The McKinsey Centre for Future Mobility has said the industry must learn how to navigate an emerging and potentially very different "next normal” as it recovers from the impact of Covid-19.
The report, ‘Mobility’s rebound: An industry recovers, but where is it heading?’, suggests that while 2021 was still a challenging year, it also saw unforeseen momentum for the mobility industry.
Disrupters launched long-anticipated models (for example, Lucid delivered the first batch of its Dream Edition electric vehicles (EV) in the fourth quarter of 2021) and aimed for strong IPOs (rival EV manufacturer Rivian, for example, had a $90 billion (£66bn) valuation at the company’s opening day in November).
Chinese carmakers entered Europe confidently (for example, NIO launched in Norway at the end of September; similarly, Aiways, BYD, Dongfeng Motor, Great Wall Motor, and SAIC Motor also entered Europe).
Advanced air mobility also saw a massive surge in investments, amounting to almost $6bn (£4bn) by October 2021.
What’s more, there were several acquisitions in the shared-micromobility space this year, totalling nearly $700 million (£513m).
McKinsey said this momentum can best be observed in the solidifying shifts in consumer preferences, technologies in the market, and regulatory actions around the globe.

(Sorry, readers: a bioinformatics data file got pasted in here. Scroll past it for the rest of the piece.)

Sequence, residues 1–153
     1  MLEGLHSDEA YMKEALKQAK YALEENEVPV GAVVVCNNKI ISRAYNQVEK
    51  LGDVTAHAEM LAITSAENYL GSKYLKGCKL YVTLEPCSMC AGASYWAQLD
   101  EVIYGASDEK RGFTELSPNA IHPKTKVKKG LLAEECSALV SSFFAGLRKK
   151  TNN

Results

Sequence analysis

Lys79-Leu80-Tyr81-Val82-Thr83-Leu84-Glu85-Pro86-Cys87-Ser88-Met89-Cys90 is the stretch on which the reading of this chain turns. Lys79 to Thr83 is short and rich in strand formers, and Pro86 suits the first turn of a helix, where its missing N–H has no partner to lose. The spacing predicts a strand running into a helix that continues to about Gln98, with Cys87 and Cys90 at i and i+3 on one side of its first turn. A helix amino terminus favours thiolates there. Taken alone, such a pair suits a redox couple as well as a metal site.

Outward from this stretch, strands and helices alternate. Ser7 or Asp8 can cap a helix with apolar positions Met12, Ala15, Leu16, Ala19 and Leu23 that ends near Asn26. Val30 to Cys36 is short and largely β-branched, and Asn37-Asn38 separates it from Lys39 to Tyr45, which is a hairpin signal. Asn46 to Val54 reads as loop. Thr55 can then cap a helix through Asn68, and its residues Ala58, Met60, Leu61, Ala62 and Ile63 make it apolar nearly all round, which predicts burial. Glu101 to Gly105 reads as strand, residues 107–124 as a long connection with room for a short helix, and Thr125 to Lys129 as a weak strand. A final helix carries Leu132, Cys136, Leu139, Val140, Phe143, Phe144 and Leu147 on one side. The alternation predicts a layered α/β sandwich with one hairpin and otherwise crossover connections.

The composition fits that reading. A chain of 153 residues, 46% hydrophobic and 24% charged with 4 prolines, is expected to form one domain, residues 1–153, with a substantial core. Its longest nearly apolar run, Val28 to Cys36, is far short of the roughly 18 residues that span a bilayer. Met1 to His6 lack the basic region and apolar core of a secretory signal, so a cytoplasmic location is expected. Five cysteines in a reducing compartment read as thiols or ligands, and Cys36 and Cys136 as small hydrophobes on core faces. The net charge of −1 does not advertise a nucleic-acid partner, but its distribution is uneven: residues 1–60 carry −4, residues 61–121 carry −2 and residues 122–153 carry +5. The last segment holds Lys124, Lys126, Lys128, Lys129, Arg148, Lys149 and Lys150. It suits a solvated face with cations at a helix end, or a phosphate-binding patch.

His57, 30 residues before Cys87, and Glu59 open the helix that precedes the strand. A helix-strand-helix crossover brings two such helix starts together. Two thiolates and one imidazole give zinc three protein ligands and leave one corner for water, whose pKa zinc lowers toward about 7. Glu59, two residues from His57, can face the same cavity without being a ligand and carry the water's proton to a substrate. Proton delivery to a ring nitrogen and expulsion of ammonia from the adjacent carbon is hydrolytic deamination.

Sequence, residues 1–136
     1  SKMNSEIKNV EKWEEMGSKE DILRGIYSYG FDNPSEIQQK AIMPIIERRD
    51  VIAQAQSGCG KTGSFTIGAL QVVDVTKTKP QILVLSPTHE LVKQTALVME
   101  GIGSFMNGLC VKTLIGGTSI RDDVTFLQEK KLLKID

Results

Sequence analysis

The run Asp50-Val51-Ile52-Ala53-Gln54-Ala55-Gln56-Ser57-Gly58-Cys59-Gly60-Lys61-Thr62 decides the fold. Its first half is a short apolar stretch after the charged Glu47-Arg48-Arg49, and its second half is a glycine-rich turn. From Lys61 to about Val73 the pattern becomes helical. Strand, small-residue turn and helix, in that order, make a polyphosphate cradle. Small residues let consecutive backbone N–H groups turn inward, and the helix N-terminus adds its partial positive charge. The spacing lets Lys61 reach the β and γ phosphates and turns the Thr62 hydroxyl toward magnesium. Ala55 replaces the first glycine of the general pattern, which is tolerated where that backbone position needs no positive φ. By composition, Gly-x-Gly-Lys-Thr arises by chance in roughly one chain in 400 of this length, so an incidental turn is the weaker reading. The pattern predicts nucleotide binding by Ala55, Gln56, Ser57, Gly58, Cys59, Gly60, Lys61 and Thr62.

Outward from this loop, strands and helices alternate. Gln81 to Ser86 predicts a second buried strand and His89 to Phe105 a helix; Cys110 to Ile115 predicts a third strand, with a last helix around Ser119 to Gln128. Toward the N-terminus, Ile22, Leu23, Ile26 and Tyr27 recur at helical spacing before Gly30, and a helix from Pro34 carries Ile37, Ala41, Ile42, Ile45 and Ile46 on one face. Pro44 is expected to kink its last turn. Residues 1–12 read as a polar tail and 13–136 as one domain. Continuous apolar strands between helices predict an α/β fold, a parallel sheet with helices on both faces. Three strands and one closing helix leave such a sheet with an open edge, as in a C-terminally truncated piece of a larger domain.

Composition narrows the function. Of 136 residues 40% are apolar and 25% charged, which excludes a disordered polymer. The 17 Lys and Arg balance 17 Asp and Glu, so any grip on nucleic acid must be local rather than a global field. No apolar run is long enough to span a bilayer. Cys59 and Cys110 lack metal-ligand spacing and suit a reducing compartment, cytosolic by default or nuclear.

An overview of insights from the full report:
Mobility demand is picking up again, and many consumers around the world are beginning to travel more.
However, about half of the consumers in McKinsey’s recent Global COVID-19 Automotive & Mobility Consumer Survey stated a clear preference to travel less than they did before the COVID-19 pandemic.
Additionally, consumers’ mobility preferences going forward, including which modes of transport they choose, will also look different.
New innovations in ACES (autonomous driving, connectivity, electrification, and shared/smart mobility) technology are back in play, with $70bn (£51bn) invested in the first half of 2021 alone.
Meanwhile, the industry is wrestling with several challenges, from missing semiconductor chips to realising net-zero vehicles.
Major world regions have set ambitious goals for decarbonization—for example, the European Union’s “Fit for 55” plan—that will require a holistic mobility shift from cars to other means of transport.
Moreover, on the local level many cities are pushing ahead with stricter regulations on car usage.